This additional opinion is in reference to statements made in the product approval documents reviewed and does not apply to Mr. Kim.

On page 2 of 9 in document 2A above under Section 4.0 Specimen Installation, I encountered the following statements.

"Each end of the assembled beam specimen was affixed to a post just as would be done in the field for actual erection of a structure. The posts were anchored to the concrete floor of the lab as would be done in the field for actual assembly. This arrangement facilitates testing with the end fixity of the beam (to column?) as it would be in actual installations in the field. See drawing L-3931 for details on the connection". Drawing L-3931 depicts a moment transferring beam to column connection with fastener arrangement similar to mansard beam knee and gable ridge beam splice connections.

I have reviewed hundreds if not thousands of sets of plans for screen enclosures and screen enclosure specifications and "Master Files", and I have yet to see a beam to column connection detailed or constructed in the manner indicated in drawing L-3931. Typical beam to column connections are detailed with a cluster of fasteners located in a relatively small area which provides negligible moment capacity through the joint. You may refer to the "Main Post/Column to Roof Beam Connection Detail" on page 4 of 6 of Mr. Kim's drawings or to page 1-12 of the "AAF Guide to Aluminum Construction in High Wind Areas", "Typical Schematic Section @ Bearing Wall Column", for an industry typical beam to column connection detail. In my opinion, the tested connection is not "as it would be in actual installations in the field."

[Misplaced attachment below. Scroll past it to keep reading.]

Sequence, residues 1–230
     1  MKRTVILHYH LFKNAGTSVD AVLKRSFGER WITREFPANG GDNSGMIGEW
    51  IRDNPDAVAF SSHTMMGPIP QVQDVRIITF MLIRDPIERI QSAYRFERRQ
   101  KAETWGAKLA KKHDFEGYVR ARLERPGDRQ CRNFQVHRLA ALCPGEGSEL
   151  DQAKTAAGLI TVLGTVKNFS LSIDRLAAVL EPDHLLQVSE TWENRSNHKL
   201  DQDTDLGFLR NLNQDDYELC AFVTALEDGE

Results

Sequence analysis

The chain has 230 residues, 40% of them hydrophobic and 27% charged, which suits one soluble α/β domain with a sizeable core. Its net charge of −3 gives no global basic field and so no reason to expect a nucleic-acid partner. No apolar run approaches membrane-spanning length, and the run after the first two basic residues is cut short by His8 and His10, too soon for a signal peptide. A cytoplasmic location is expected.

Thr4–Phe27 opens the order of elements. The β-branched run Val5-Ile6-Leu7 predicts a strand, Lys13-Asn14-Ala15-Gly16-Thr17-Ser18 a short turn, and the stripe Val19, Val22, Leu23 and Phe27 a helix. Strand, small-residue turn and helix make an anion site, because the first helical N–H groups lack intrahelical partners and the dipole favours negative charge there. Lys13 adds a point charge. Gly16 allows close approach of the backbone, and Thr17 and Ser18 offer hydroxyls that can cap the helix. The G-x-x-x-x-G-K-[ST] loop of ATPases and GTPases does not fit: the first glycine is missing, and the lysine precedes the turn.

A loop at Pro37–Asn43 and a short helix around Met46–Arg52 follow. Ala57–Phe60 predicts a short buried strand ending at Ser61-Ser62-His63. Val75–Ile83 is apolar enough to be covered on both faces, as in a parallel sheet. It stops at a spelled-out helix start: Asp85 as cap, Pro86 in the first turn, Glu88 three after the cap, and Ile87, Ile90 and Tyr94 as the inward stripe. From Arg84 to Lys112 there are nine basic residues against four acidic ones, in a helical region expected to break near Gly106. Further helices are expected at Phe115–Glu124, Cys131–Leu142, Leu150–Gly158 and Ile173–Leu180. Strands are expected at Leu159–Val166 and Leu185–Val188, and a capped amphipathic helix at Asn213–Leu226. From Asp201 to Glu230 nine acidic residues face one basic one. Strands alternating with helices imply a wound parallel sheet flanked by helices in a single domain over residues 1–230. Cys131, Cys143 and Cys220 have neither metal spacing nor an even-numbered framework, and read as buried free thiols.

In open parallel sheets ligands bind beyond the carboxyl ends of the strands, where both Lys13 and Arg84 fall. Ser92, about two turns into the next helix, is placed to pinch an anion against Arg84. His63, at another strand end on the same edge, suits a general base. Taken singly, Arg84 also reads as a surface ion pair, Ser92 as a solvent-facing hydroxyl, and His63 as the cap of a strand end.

I also observed in the photograph of the "Mansard Connections" that the column section of the test assembly is only a few inches in height at best. In a normal beam to column frame assembly, the joint at the beam column connection would translate laterally in plane proportionally to the parameters of the system. (Framing member length and stiffness, restraint, loading, etc.) In my opinion the arrangement shown will allow almost no lateral movement at the beam to column connection and therefore negates a normal effect of the column on the framing system. Again, the tested specimen is not "as it would be in actual installations in the field."

In my opinion, the test specimen depicted in the referenced photograph is modeled as a single span beam, fixed at both supports against translation and rotation. I opine further that the unrealistic fixity at the supports of the test specimen has returned unrealistic, un-conservative test results. It may be appropriate for FDCA, Product Approval to review this application further.





PEC's web site states that:

Two suppliers are license to sell Trac Beams™: Town & Country Industries and Florida Extruders International, Inc.

Seven contractors are certified to install it: Aluminum Contractors, Inc., Florida Pool Enclosures, Inc., Pioneer Development Enterprises, Inc., Screen Professionals, Inc., Treasure Coast Exteriors, LLC, Absolute Aluminum, Inc., and Trademark Aluminum, Inc.


Product Approval - 5LB & 7LB Trac Beams™ w/ product details

Span Tables - 5LB & 7LB Trac Beams™

Product Approval  - 8LB Trac Beam™ w/ product details

Span Tables - 8LB Trac Beam™

PEC's Brochure

Service Plan

Installation Details


  Trac Beam™ is a trademark registered to Engineered Innovations, LLC. Do Kim is listed as the registered agent and A.B.E. Investment Enterprises, Inc. is listed as the manager of the corporation. Do Kim is also the registered agent and president of A.B.E. Investment Enterprises, Inc.

This website is published as a public service courtesy of:

Vernon M. Leslie, Jr.

P.O. Box 804

Palm Beach, FL 33480

Please contact me if you have any concerns regarding the veracity of the information contained herein or want to submit additional information.

Email submissions or comments to:

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  Revised: 07/05/16  

Michael Barson a/k/a Mike Barson d/b/a Exquisite Autos of the Palm Beaches / Premier Contractors, Inc. / Might Mike's Pool and Patio Enclosures